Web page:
Climate and Weather: Science as Public Culture

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Pietro Corsi, Oxford University
Jean-Baptiste Fressoz, Imperial College, London
Robert Fox, Oxford University
Stephen Johnston, Museum of the History of Science, Oxford
Fabien Locher, CRH (CNRS/EHESS), Paris
Jeanne Peiffer, Centre Koyré (CNRS/EHESS/MNHN), Paris
John Perkins, Oxford Brookes University
Viviane Quirke, Oxford Brookes University

For further details, contact Thomas Le Roux,

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Date: Monday 07th January 2013 - 6:00pm to Wednesday 09th January 2013 - 3:30pm

Museum of the History of Science & Maison Française d'Oxford

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Research programme: History of Science

Monday 7th January 2013

Museum of the History of Science

18.00. Reception at the Museum of the History of Science including a private view of the exhibition “Atmospheres: Investigating the Weather from Aristotle to Ozone”. Welcome by Stephen Johnston, Acting Director.


Tuesday 8th January 2013


9.00 Coffee and Tea

9.15 Welcome by Cyril Van Effenterre (French Embassy), Anne Simonin (MFO) and Thomas Le Roux (MFO)

9.30 General introduction, by Jean-Baptiste Fressoz (Imperial College, London) and Fabien Locher (CRH-EHESS/CNRS)

9.45 – 13.00. Session “Commodification of meterological knowledge”

Chair. John Perkins (Oxford Brookes University)

9.45. Julien Vincent (University Paris I), Disembedded Weather: Labour, Free Trade, and the Political Economy of Climate in the British Empire (Mid-Nineteenth Century)

10.15. Yngve Nilsen (University of Bergen), Shifting Relations Between Meteorology and Economic Interests in Norway 1860-1900

10.45 – 11.15. Discussion

11.15. Coffee break

Chair. Robert Fox (University of Oxford)

11.30. Jamie L. Pietruska (Rutgers, The State University of New Jersey), The U.S. Weather Bureau and the Policing of Counterfeit Weather Forecasts at the Turn of the Twentieth Century

12.00. Vladimir Jankovic (University of Manchester), Andrew Bowman (University of Manchester), 'Think of It As a Market Transition': Big Green Business and the Promise of Climate Crisis

12.30 – 13.00. Discussion

13.00 Lunch (MFO)

14.15 – 16.30. Session “Media”

Chair.  Stephen Johnston (Museum of the History of Science, Oxford)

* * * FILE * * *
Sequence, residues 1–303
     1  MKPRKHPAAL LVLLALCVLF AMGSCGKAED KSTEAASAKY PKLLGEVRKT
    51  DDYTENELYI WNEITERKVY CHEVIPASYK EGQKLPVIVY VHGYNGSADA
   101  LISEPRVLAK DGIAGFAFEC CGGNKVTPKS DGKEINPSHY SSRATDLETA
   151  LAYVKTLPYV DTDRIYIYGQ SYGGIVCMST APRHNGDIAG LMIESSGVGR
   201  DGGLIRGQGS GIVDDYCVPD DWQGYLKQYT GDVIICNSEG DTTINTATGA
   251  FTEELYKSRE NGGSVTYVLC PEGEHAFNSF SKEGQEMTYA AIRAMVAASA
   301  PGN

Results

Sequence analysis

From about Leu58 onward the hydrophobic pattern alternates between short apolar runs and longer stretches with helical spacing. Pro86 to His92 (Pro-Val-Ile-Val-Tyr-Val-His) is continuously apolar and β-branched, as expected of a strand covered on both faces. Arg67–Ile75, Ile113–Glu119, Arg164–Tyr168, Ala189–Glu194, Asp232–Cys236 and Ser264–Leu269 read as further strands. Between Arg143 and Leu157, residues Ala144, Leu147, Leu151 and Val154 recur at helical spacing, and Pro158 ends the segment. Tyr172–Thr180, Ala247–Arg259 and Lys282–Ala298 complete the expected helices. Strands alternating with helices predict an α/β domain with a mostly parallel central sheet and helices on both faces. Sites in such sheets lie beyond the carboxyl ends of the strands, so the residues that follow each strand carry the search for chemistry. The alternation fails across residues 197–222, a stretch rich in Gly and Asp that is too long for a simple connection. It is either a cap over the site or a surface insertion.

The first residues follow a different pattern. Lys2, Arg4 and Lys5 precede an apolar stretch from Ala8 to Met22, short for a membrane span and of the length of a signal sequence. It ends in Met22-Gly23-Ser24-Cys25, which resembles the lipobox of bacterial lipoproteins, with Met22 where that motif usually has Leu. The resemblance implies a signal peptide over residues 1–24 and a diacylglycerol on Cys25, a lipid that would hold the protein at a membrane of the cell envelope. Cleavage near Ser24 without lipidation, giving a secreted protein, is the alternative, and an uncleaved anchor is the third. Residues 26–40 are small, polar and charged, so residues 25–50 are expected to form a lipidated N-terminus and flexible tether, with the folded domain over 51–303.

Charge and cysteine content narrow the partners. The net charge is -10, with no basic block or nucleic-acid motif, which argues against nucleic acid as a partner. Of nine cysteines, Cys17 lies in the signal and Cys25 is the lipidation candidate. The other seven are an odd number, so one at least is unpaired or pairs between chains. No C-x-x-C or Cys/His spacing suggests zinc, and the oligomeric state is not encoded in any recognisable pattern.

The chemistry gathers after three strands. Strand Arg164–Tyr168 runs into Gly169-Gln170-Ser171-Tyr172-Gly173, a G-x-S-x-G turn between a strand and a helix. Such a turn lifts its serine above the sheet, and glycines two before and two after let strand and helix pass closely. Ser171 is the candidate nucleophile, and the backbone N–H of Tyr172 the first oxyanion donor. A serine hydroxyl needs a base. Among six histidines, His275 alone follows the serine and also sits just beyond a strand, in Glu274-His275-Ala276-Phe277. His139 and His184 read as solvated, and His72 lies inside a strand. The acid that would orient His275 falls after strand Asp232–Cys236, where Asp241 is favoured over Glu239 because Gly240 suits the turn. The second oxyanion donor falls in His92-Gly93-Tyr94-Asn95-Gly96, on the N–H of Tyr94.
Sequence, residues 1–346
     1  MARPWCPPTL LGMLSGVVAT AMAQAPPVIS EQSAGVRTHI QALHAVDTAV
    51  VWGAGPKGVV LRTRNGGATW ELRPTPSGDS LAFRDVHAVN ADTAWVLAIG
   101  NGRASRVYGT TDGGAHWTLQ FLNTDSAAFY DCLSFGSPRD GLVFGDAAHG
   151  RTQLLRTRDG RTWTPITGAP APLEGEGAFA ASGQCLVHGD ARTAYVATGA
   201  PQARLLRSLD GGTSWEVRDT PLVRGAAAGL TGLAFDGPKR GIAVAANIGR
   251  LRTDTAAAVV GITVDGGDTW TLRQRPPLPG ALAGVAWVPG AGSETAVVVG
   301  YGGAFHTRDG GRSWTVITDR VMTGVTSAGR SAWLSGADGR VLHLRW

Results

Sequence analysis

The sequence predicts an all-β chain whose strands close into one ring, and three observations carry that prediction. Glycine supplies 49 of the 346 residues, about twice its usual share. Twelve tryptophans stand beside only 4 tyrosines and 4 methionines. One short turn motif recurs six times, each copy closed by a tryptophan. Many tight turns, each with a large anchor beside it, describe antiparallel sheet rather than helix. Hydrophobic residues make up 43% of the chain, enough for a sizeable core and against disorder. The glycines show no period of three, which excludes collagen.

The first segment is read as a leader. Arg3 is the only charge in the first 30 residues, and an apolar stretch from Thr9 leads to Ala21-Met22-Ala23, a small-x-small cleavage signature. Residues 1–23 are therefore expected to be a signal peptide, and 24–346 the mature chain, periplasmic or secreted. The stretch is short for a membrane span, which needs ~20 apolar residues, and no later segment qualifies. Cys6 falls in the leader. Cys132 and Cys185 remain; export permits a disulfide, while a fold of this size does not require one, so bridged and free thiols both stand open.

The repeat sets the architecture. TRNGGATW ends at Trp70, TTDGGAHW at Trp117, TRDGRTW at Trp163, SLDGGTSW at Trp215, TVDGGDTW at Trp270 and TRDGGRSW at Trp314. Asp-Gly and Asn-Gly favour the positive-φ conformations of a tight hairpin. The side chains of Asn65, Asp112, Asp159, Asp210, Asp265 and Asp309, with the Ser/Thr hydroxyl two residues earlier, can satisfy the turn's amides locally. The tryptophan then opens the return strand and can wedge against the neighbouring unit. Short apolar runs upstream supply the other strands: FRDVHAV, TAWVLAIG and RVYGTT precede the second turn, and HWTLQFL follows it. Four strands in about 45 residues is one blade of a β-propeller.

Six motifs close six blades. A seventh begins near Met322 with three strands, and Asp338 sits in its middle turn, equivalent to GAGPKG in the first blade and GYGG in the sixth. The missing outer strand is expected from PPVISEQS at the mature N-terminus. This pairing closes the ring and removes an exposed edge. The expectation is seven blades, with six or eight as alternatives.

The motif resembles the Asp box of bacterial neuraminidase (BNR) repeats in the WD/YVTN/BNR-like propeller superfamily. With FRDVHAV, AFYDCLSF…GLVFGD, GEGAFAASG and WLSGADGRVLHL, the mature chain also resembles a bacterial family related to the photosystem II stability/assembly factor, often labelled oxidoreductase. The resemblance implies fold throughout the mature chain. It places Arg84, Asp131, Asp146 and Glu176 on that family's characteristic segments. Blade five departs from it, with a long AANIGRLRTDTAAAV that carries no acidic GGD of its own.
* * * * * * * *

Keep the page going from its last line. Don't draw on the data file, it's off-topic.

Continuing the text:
14.15. Alexander Hall (University of Manchester), Framing the Sky: The (re)Birth of Weather Forecasting on British Television, 1954

14.45. Julie Hudson (Smith School of Enterprise and the Environment, University of Oxford), ‘If You Want to Be Green Hold your Breath’: Climate Change in British Theatre

15.15. Susanne Lorenz (University of Leeds), The Communication of Scientific Uncertainty and Climate Adaptation in the Media: Comparing the UK and Germany

15.45 – 16.30.  Discussion

16.30. Coffee break

17.00 Lecture

Chair. Pietro Corsi (University of Oxford)

Pascal Lecomte (European Space Agency, Harwell-Oxford), Data: From Satellites to the Public. The Value of Climate Data, their Cost and How they are Perceived by the Public

19.00 Dinner (Oriel College)


Wednesday 9th January 2013


9.00 Coffee and Tea

9.15 – 13.00. Session “Historicizing climate history”

Chair. Jeanne Peiffer (Centre Koyré, EHESS)

9.15. Anouchka Vasak (University of Poitiers), 1802, « l’invention des nuages », vue de chaque côté de la Manche

9.45. Thomas Labbé (University of Burgundy), Fabien Gaveau (CESDIP CNRS- French Ministry of Justice), Vinyard Harvest Dates and History of Climatology: Some New Epistemologic Reflections

10.15. George N. Vlahakis (Hellenic Open University), Climate, Weather and Society in 19th century Greece

10.45 – 11.15 Discussion

11.15. Coffee break

Chair. Serge Plattard (European Space Policy Institute, Vienna)

11.30. Philippe Forêt (University of St Gallen), Overland to India. The Debate on Climate Change of 1904-1914

12. 00. Matthias Heymann, Kristian Hvidtfelt Nielsen (Aarhus University), Negotiating Simulation Knowledge: Alternative Perspectives on Climate and Climate Change

12.30 – 13.00. Discussion

13.00 Lunch (MFO)

Organised by the Maison Française d’Oxford, in collaboration with the Museum of the History of Science, the Faculty History of the University of Oxford, Oxford Brookes University, the Centre Koyré (EHESS) and the Institut d’Histoire Moderne et Contemporaine (IHMC), and with the support of the French Embassy, London.